Shutting out the media buzz and focusing solely on her skiing was French racer Tessa Worley’s ticket to the giant slalom world title on Thursday.
The 23-year-old put in two dominant lead runs to finish with an aggregate time of 2 minutes, 8.06 seconds, a full 1.12 seconds ahead of Slovenian star Tina Maze, whose silver was her third medal of the world championships.
“It seems simple, but when you’re at an event like this one, you have everything that makes you think that you’re at the world championships, that there’s a medal at the end that you can maybe win,” Worley said. “There’s a big crowd, a lot of media. So I just wanted to think about skiing and not about everything that was around ... I just thought about it when I passed the finish line at the end and then I was very, very happy.”
Already leading by more than half a second after the first run, Worley kept her cool to blaze through her second outing on the Planai course in sunny, cold conditions.
Worley, who was born to a French mother and Australian father, and took home France’s fourth medal of these championships, also credited the course for giving her a good feeling during both runs.
“These are the conditions I like,” she said. “I love very hard and icy, but it was still not too extreme, so we could ski well enough to have a good sensation and go fast. Sometimes you have a race and have bad feelings. Today, it was pretty nice to ski on it. The slope was great.”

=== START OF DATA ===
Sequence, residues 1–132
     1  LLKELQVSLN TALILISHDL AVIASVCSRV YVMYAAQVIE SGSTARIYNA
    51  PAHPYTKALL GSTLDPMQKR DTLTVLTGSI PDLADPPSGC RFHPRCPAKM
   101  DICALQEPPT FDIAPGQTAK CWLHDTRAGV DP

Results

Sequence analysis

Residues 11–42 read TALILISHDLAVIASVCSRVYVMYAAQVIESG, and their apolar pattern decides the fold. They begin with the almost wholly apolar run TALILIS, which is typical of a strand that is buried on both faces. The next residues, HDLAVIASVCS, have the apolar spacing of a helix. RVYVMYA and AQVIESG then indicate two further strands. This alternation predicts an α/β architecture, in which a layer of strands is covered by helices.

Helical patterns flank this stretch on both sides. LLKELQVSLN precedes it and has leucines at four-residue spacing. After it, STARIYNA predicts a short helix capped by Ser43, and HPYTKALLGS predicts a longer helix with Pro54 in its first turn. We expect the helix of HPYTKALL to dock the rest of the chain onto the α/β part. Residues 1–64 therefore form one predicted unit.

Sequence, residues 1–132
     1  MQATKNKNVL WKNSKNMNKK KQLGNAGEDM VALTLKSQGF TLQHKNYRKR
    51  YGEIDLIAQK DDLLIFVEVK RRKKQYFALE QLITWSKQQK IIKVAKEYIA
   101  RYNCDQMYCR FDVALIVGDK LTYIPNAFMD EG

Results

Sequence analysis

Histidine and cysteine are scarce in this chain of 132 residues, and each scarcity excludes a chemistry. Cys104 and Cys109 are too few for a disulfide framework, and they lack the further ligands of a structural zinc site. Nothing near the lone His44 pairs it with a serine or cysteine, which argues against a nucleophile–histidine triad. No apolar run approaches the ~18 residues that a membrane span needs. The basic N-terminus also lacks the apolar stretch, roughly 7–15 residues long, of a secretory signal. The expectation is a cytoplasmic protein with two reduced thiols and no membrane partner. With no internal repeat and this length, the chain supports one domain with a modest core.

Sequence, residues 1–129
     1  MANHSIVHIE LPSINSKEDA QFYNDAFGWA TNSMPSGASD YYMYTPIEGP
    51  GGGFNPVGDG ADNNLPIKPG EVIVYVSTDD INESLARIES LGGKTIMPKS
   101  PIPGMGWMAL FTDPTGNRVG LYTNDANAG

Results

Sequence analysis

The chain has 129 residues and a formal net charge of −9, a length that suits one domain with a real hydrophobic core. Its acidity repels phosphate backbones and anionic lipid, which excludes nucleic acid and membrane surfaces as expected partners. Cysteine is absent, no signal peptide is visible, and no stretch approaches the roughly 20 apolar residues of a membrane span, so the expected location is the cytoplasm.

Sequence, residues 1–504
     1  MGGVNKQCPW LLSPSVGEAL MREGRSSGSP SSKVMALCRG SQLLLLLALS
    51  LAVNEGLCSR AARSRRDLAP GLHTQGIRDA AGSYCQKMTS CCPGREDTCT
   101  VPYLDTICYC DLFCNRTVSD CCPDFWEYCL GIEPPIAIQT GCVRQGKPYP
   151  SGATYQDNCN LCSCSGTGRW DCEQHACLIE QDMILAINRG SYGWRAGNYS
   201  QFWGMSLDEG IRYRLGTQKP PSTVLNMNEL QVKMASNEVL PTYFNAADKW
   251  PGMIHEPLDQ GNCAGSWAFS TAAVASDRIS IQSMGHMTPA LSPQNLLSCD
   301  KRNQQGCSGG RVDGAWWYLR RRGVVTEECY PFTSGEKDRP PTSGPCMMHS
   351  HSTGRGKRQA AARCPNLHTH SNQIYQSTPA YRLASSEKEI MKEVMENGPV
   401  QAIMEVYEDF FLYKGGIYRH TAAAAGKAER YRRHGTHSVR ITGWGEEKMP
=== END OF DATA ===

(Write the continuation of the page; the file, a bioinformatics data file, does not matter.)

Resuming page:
Topping the medals table with two golds, one silver and one bronze, France have had an extraordinary championships and Worley expressed her hope that her team’s success would further raise the sport’s profile at home.
“A lot of people are starting to follow us and with all the medals, people are watching, and following and supporting us even more. It’s great for us and we just want to keep going,” she said.
Maze, pocketing her third medal at the championships after super-G gold and super-combined silver, was beaming after securing second place, despite what she considered a bad first run.
“It’s a good day in the end. It was not an easy day,” said the unusually candid Slovenian, who usually makes winning look like a piece of cake. “It’s hard to keep this high level all the time ... every day it’s a new battle.”
Austrian Anna Fenninger, who had struggled last week against high expectations and pressure from the home public and media clamoring for medals, was visibly relieved by her bronze.
“It was a really difficult world championship. I’m just happy for today, it was my last chance for a medal,” said the 23-year-old, who had bagged a gold medal in the super-combined in Garmisch-Partenkirchen, Germany, in 2011 as a relative unknown.